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Political Authority and Unjust Wars

Research output: Contribution to journalArticlepeer-review

Original languageEnglish
Pages (from-to)336-357
Number of pages22
Issue number2
Early online date23 Feb 2018
Accepted/In press6 Jul 2017
E-pub ahead of print23 Feb 2018
PublishedSep 2019


King's Authors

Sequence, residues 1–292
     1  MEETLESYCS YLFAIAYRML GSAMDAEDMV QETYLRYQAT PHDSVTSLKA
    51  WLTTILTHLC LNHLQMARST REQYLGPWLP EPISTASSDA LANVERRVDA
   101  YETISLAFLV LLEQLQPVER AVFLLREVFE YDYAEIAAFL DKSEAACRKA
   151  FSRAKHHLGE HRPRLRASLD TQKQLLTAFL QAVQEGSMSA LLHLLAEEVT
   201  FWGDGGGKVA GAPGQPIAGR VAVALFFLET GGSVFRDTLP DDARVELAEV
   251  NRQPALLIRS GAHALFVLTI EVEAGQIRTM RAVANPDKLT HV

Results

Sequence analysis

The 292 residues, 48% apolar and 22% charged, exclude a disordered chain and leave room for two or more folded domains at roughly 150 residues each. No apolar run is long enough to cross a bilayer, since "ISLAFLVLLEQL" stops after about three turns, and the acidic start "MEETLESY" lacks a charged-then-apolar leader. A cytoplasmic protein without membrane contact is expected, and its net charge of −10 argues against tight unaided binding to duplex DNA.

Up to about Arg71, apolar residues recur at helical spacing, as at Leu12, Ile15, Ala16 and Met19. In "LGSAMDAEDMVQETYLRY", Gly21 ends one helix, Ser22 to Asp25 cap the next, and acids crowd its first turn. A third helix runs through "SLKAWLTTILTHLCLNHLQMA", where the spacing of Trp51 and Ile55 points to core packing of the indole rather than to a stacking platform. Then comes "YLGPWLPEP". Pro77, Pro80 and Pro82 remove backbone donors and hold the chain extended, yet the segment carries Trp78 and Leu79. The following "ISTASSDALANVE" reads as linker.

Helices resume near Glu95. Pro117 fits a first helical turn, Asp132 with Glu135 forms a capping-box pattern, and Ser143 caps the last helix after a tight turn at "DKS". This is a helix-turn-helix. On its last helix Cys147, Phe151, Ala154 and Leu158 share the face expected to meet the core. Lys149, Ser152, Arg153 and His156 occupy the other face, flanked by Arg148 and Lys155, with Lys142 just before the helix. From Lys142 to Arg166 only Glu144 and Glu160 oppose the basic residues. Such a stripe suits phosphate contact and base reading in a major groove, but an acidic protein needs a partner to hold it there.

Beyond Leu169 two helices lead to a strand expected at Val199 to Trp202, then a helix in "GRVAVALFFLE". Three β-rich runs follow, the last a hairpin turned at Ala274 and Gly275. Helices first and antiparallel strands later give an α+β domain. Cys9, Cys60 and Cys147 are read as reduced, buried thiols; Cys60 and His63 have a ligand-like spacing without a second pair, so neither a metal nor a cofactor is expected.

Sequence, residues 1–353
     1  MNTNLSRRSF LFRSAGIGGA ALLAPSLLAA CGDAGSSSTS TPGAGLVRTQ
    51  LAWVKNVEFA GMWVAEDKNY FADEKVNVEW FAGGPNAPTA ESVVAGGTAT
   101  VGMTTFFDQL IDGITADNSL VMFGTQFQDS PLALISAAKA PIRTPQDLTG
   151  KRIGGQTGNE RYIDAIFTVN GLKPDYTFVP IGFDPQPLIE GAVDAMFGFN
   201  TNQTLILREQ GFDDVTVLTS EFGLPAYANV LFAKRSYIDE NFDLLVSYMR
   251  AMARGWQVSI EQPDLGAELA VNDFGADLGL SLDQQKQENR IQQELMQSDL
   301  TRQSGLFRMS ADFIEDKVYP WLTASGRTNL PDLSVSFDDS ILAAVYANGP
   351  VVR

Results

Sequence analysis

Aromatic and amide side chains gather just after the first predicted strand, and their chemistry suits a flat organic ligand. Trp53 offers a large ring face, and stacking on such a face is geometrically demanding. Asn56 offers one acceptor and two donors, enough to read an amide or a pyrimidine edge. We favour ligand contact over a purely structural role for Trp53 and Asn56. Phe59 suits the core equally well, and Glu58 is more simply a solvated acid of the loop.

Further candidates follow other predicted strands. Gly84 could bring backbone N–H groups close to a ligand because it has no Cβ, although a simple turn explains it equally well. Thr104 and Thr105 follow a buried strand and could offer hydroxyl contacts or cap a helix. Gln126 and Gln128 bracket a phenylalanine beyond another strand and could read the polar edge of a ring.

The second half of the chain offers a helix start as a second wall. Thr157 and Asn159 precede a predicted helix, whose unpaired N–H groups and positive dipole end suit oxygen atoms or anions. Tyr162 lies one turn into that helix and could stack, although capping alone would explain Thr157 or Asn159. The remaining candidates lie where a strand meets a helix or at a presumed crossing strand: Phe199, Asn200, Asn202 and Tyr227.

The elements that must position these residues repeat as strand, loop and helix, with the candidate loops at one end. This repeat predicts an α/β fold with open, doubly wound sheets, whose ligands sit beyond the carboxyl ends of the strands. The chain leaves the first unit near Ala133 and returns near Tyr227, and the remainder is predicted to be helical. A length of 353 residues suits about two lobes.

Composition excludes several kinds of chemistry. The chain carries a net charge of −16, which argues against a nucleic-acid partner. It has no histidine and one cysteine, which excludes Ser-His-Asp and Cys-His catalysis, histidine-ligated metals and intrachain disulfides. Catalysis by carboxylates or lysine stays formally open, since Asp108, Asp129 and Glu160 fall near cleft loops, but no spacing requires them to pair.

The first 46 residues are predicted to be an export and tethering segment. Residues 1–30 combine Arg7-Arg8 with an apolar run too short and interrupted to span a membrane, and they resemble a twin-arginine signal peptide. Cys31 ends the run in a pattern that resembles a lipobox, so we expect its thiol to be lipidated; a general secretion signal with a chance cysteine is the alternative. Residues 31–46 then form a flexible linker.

Just war theory is currently dominated by two positions. According to the orthodox view (Walzer), provided that jus in bello principles are respected, combatants have an equal right to fight, regardless of the justice of the cause pursued by their state. According to “revisionists” (McMahan, Fabre) whenever combatants lack reasons to believe that the war they are ordered to fight is just, their duty is to disobey. I argue that when members of a legitimate state acting in good faith are ordered to fight, they acquire a pro‐tanto obligation to obey which does not depend for its validity on the justice of the cause being pursued. However, when the war is unjust, this obligation may be overridden, under certain conditions, by the obligation not to contribute to the unjustified killing of innocents. This is because (contra Raz) the pro‐tanto force of the duty to obey the law is best understood in terms of “presumptive”, rather than “exclusionary” reasons for action. This approach captures the insights of both the orthodox and the revisionist view, while avoiding the problems that afflict each of them.

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